In December, our community lost an upstanding citizen and I lost a dear friend with the passing of Martha Loeffler.
I met Martha in the early '90s when she wrote an article for The Bee regarding the Holocaust. She asked any survivors or liberators to contact her. Thus began a friendship in which Martha and I joined forces to speak at schools, service clubs, etc., hoping to keep alive the memory of those who lost their lives in the Holocaust. It was our hope to prevent such atrocities from ever happening again.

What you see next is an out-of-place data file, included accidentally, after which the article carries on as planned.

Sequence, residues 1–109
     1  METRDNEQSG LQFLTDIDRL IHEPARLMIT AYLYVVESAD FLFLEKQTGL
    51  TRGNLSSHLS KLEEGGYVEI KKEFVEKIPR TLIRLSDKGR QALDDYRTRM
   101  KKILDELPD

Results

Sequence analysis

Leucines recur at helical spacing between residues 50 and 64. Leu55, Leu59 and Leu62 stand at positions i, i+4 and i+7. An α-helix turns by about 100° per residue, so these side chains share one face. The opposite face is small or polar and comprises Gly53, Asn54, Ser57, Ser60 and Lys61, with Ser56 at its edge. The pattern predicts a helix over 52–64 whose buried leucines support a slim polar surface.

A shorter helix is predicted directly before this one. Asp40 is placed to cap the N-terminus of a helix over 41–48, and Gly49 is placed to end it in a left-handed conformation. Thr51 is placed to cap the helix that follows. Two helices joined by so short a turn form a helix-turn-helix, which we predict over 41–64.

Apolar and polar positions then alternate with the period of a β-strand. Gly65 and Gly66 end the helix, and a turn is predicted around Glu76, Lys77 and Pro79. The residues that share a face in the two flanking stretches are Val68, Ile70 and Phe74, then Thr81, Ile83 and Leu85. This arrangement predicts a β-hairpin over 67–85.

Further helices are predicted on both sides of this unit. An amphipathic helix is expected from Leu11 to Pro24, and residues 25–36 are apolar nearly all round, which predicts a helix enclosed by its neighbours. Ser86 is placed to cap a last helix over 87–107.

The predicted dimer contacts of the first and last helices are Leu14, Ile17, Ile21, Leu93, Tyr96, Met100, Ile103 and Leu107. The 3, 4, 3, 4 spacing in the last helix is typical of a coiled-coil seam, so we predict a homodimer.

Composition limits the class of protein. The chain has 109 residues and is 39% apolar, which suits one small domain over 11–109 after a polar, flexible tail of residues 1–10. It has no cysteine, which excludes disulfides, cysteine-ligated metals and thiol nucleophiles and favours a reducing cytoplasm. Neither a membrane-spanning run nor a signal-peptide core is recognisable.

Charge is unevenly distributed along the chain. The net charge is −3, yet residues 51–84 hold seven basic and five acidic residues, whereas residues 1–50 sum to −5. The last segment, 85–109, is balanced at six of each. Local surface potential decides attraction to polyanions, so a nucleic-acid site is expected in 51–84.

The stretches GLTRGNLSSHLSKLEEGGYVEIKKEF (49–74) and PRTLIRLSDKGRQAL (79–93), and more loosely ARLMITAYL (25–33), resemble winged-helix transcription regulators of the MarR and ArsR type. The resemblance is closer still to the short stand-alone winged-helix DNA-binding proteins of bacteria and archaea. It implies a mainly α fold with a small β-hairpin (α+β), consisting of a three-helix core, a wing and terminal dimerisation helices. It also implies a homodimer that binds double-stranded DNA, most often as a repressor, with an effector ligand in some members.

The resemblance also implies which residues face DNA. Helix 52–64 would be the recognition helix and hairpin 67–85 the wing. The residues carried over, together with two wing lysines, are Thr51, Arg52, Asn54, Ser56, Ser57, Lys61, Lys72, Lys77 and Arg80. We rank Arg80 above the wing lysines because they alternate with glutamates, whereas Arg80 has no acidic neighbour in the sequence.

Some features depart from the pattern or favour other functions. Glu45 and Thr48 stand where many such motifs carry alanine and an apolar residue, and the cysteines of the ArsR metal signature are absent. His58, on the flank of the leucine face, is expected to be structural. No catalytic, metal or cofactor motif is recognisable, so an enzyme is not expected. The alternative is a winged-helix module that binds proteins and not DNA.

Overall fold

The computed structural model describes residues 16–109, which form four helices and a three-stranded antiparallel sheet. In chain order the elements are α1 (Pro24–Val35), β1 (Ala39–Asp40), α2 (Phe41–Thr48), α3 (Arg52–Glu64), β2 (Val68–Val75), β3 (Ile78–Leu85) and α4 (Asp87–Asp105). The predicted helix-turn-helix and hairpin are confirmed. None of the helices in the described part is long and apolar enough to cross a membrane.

After being widowed, Martha started a successful writing career. As I entered my 80s, I felt compelled to record my experiences as an ambulance driver in Europe during World War II. I asked Martha if she would consider doing it. She replied, "Yes, Jim, but I am 90 and you're 84, so we've got to get with it." After many exchanges of email snippets and the skillful editing of Mark Haskett, I self-published "Saving Lives, Saving Memories." It's an attractive paperback book, and about 1,500 copies have been sold. Martha later told me she thought it was her best book.